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CECIL CHATTER: State Flunks “Integrity” Test; Smigiel Abstains on Pay Boost

March 19, 2012
By Nancy Schwerzler

Maryland Gets D Minus Grade on “Integrity” Report Card

Anyone with short, or long, memories of political scandals in Maryland knows that the state has a long and sordid history of corrupt elected officials. But a new study finds the state’s laws, regulations and access to public information contribute to a climate of ethical challenges that rates Maryland with a D- grade on public “integrity.”

The survey evaluated public information access, legislative and executive accountability, ethics enforcement, political campaign finance, lobbying disclosure and auditing, among other factors. The report was a joint project by the Center for Public Integrity—a respected, journalistic-oriented Washington, DC non-profit—Global Integrity, and Public Radio International.

Overall, Maryland’s D- or 61 percent grade ranked the state at 40 of the 50 states for public integrity—or 10th from the bottom of the scale. When we were in school, a D- was very much a flunking grade. And on individual components of the overall score, Maryland ranked even lower.

The survey gave Maryland an “F” grade, ranking 46th out of all the states, for its access to public information. Each state agency handles its own requests for access to public information, with differing interpretations of the law, and many exemptions from the law effectively shield government agencies and documents from public scrutiny. Online access to state documents is also limited, the report found.

From Cecil Times’ reporting adventures, we’ve found the state court docket database is updated in almost real time and property records are open and available online. But records of disciplinary and regulatory agencies are not online and require written requests for information that are often delayed, denied or exempted from public review. Some state agencies are very forthcoming with information requested by the press, but we’re not sure individual citizens would get the same access even though they should, by law.

And, as we’ve reported on Cecil Times in the past, the state Open Meetings law is frequently violated with no more than a slap on the wrist, if that. Cecil County government got a wristslap from the state last year while the Upper Shore Regional Council routinely ignored the law for several years.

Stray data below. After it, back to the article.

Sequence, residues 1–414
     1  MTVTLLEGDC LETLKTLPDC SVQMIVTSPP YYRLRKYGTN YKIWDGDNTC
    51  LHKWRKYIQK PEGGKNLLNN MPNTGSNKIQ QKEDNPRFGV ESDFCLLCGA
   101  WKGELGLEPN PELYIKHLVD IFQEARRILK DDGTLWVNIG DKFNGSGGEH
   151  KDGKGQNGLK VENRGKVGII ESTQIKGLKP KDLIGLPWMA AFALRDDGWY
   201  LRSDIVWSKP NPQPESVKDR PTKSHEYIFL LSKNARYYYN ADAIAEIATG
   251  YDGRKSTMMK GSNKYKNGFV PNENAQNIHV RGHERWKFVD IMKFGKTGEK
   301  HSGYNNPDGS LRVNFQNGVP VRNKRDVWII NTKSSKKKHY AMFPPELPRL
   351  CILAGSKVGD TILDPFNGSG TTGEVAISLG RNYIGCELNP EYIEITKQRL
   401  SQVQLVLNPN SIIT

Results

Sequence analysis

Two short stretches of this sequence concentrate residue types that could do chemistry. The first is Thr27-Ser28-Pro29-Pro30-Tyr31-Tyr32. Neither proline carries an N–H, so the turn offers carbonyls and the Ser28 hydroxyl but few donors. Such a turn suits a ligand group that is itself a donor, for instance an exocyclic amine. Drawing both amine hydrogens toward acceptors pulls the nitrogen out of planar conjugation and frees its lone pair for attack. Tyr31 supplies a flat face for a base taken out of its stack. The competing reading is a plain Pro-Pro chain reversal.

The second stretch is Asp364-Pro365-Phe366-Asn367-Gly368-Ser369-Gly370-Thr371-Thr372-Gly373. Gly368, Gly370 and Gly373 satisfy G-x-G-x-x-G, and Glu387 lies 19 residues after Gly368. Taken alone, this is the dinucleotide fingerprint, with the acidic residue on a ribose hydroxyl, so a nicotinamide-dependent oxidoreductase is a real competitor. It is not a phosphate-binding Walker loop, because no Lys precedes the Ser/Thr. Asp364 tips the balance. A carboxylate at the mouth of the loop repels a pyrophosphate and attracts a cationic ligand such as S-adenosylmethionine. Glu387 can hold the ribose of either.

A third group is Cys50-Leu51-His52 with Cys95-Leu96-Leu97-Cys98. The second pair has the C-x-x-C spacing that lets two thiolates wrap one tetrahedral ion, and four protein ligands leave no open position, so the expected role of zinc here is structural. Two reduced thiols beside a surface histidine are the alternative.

Statewide, also hidden behind a secrecy veil are records of state legislators, whose mandatory financial and asset disclosures must be accessed by visiting the state Ethics Commission to view copies, and the legislator is notified about who is asking to see their reports —a point that the new survey particularly took to task.

See the Maryland report card here: http://www.stateintegrity.org/maryland and a detailed anaysis of the state’s record here: http://www.stateintegrity.org/maryland_story_subpage

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Smigiel Abstains on Judicial Pay Raise Vote

It was the right thing to do, but Del. Michael Smigiel (R-36) often does the politically expedient or bombastic thing. So it was a welcome surprise to check the state General Assembly record and see that Smigiel abstained—or was granted an “excused absence”– last week when the House of Delegates voted on giving the state’s judges a pay raise.

Smigiel is a candidate for a Cecil County Circuit Court judge seat in the April 3 primaries, appearing on both the Republican and Democratic ballots in what is considered a non-partisan election.

There are two seats at stake in the elections: the seats currently held by Judges Keith Baynes and Jane Cairns Murray, who were both appointed to their seats by Governor Martin O’Malley to fill vacancies. They must stand for election to retain the seats, after they won appointments by going through a lengthy vetting process by local and state bar associations and a special judicial nomination commission.

Smigiel chose not to go through that review and vetting process by legal peers. Instead, he simply filed as a political candidate in the election.

The top two vote-getters in each party primary will appear on the November ballot. If the same two candidates win in each primary, they will be unopposed on the general election ballot. But, for example, if Murray, a Democrat, and Baynes, a Republican, win the Democratic primary but Baynes and Smigiel win the GOP primary, all three will fight it out for the two seats in November.

The issue in Annapolis last week was whether to allow an independent Judicial Compensation panel’s recommendations for annual pay boosts of about $29,000, phased in over three years, to take effect automatically. To stop that, legislators had to adopt their own legislation setting another pay scale or insisting on no raise at all.

The General Assembly settled on pay boosts of about $14,000 over the next three years, so Circuit Court judges will get a boost to $154,433.

The Senate approved the plan, 33-9, while the House OK’ed it 84-47—without Smigiel’s vote.

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